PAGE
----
Yes, you read the title right, we’re talking whale ‘poop’, whale ‘crap’, whale ‘feces’, whale ‘excrement’ or whatever you want to call it. Easily the biggest mammals on the planet, can you imagine the size of the dumps these guys take? Well, I know you’re probably thinking about it right now, since we put it in your head and are imagining crude whale sized poop, sinking to the ocean floors like bricks tied to led, tied to a grand piano. However, that’s just not a true picture of what happens in reality.
Whales actually poop almost liquid fecal matter, which appears like a dispersed cloud or plume at the surface. This slurry of fecal matter doesn’t sink nor is it produced in the depths of the ocean like you would image, but rather it floats at the surface where the whales go to do their business. What’s even more, is that their waste, is what microscopic phytoplankton, the base of the marine food chain thrives on for nutrition. This makes whale poop crucial to the marine ecology and to us.
Essentially, whales like the humpback whale, right whales, baleen whales and most other species of whale dive to the depths of the oceans to feed on tiny crustaceans and krill in large quantities. The krill itself, feeds on plankton that dies and makes it way to the bottom of the ocean in high concentrations. In other words, making the krill a very rich source of iron, nitrogen and other nutrients for the whales. By feeding on these nutrient rich creatures at the depths of the oceans and later coming up to the surface to defecate, the whales are actually transporting the nutrients to the surface. Scientists call it the Whale Pump.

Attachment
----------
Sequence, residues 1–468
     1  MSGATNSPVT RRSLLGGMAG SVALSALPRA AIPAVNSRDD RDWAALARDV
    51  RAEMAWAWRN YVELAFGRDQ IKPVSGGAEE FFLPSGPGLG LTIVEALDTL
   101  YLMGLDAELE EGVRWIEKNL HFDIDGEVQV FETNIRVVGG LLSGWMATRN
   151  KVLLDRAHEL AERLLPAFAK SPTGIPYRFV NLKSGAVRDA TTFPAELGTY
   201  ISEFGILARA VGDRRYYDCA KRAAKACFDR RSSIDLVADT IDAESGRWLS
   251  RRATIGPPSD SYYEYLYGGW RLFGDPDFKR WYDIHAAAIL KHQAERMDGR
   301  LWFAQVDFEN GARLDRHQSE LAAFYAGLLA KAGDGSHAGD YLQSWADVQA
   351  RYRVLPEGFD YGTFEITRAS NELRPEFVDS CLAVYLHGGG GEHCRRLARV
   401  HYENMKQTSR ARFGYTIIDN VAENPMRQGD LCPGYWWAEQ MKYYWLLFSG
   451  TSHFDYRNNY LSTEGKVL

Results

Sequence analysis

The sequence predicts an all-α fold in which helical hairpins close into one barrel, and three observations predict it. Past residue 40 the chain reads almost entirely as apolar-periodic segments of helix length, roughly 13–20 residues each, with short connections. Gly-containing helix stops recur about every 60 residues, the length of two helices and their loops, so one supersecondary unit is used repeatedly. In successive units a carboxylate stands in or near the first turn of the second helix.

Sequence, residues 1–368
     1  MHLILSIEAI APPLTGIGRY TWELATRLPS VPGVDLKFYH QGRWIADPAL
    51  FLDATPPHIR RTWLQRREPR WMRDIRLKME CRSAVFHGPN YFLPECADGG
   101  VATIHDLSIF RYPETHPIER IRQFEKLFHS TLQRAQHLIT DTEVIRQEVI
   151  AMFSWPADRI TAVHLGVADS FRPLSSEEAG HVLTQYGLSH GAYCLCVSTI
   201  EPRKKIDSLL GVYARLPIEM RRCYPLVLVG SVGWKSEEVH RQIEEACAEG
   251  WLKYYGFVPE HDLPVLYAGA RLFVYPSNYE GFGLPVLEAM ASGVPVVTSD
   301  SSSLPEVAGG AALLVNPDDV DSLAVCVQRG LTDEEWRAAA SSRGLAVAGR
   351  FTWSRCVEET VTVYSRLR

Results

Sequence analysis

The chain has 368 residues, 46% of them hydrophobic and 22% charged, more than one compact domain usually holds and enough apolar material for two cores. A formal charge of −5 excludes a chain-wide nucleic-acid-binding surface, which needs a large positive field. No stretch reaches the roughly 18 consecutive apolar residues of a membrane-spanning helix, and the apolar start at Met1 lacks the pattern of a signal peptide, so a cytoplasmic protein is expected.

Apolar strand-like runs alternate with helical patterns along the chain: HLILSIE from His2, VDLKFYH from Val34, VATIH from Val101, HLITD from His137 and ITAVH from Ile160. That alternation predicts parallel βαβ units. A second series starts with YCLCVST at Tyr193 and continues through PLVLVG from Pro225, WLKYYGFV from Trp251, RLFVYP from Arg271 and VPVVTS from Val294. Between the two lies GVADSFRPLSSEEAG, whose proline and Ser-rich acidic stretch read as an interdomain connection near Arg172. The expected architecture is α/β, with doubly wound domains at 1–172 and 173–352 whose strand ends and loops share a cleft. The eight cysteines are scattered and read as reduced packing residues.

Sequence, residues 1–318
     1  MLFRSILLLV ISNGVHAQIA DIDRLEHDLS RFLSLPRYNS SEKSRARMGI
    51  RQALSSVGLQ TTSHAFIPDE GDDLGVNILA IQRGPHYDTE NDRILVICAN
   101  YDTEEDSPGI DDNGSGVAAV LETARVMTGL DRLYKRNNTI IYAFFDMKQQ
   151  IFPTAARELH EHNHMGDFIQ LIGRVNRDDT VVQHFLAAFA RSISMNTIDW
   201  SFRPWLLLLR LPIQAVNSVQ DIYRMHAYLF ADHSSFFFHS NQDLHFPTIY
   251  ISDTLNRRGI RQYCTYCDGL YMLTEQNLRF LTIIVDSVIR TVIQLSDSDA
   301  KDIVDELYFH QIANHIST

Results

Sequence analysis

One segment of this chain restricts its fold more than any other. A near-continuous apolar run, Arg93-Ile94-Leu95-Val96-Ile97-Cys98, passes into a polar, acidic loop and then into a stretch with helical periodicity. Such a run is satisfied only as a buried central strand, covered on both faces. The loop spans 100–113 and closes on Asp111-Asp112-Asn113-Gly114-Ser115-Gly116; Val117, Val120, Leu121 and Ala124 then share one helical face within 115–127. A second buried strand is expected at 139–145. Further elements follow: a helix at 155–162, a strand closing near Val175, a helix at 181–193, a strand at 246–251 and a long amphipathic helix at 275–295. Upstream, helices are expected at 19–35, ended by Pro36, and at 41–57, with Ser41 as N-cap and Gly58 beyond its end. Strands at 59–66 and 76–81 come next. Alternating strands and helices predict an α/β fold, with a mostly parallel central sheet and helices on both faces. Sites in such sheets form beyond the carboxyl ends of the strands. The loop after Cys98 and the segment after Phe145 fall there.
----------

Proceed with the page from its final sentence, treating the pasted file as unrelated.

Researchers have found whale poop to be extremely loaded with iron and nitrogen in particular. Both extremely essential nutrients for the sustenance of phytoplankton, pooping whales complete a very important cycle that has been overlooked in the past. With diminishing populations of whales, due to commercial whaling the ecology the importance of their contribution to the ecology is being brought back to the forefront, and very rightly so.
Larger populations of whales would produce more of the nutrients that would help increase phytoplankton and ultimately more krill populations for the whales to feed on again. Apart from being the base of the marine food chain, phytoplankton plays an important part in terrestrial ecology as well, as it’s responsible for over 50% of the world’s oxygen supply. In doing so, through photosythesis, they absorb a large portion of the CO2 that we’re spewing out at an alarming rate. In fact, about 10 gigatonnes of carbon from the atmosphere is taken to the deep ocean each year by plankton. Which is a huge deal and which is why even small changes in the growth of phytoplankton can affect atmospheric carbon dioxide concentrations, which would feed back to global surface temperatures.
Save the whales, save our planet.